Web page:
As another domino threatened the house of cards holding up European banks, more money had to be pumped into Cypriot banks so their doors didn't close and rapid contagion wouldn't implode all of Europe, and then the world.
Only this time was different.
The European Central Bank (ECB) reached straight into Cypriot bank depositors' pockets and stole about $6 billion from them. The "how" isn't important. It's a simple equation, as revealed in Part V. Governments are the backstoppers of central banks; that's where their authority ultimately comes from.
Why did the ECB steal depositors' money? So they could turn around and lend that and more to the insolvent banks to keep them alive. It's the latest twist in the old "extend and pretend" game.
The big question is, how did banks get so big and so dangerous in the first place?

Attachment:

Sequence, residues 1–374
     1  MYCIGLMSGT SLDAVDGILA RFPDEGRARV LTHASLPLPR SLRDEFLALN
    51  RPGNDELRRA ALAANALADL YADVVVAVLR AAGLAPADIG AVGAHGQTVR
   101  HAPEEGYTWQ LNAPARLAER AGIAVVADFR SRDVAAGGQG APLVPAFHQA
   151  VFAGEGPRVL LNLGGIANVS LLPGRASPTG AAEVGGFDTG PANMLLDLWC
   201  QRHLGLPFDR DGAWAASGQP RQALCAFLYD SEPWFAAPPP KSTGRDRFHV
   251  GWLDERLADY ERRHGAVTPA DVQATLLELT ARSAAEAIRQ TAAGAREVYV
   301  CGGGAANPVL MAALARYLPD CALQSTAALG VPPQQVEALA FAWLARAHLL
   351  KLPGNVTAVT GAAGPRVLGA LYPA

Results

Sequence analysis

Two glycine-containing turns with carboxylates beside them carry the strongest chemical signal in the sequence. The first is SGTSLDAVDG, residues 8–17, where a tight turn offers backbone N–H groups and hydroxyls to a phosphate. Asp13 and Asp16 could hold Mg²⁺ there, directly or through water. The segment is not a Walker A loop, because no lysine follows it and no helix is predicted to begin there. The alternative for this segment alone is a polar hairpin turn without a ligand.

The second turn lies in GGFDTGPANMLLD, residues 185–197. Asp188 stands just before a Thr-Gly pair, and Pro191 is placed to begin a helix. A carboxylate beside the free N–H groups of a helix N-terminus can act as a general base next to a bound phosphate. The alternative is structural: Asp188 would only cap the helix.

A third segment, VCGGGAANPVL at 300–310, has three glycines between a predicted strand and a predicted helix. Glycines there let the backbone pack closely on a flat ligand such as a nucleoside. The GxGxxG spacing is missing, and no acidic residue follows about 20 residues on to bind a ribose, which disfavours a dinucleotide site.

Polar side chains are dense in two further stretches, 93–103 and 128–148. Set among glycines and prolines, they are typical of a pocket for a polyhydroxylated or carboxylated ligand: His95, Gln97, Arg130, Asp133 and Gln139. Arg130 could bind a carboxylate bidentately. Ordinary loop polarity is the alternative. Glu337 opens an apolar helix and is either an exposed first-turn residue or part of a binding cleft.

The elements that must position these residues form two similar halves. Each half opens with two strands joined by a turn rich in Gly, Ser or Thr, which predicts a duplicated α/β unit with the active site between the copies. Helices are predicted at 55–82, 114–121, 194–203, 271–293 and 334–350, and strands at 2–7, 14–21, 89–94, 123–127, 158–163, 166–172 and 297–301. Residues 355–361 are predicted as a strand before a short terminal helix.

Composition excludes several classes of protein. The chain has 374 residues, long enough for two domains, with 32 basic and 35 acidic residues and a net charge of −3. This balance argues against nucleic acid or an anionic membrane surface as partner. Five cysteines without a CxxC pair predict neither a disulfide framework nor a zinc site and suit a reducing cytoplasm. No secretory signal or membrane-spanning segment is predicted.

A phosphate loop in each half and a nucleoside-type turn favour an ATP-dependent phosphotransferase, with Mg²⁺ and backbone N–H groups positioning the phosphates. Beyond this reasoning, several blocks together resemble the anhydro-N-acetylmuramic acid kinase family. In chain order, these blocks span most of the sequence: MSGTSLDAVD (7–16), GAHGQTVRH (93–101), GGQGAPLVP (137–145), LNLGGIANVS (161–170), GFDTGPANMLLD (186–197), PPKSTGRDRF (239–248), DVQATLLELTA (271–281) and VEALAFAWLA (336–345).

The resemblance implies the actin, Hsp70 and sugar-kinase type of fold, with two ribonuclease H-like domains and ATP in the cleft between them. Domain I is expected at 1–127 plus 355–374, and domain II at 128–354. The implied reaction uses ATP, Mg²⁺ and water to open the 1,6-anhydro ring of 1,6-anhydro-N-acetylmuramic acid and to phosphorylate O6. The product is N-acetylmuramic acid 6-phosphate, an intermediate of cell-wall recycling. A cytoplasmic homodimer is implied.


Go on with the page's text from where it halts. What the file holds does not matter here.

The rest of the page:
Or, how did stodgy traditional banking morph into "casino banking" on a global scale?
Here's how it started...
What You Absolutely Need to Know About Money (Part 5)
Chapter Four ended as a cartel of powerful bankers gathered on Jekyll Island to develop a plan for creating a central banking system which would work for their interests.
John Pierpont Morgan was no stranger to how central banks worked. He had witnessed their power firsthand.
Junius S. Morgan, Pierpont's father, became a partner at George Peabody and Company in 1854 and moved to London - where the American-born Peabody had been bankrolled by Baron Nathan Mayer Rothschild. At the time, the rich and powerful Rothschilds exerted extraordinary control over the Bank of England.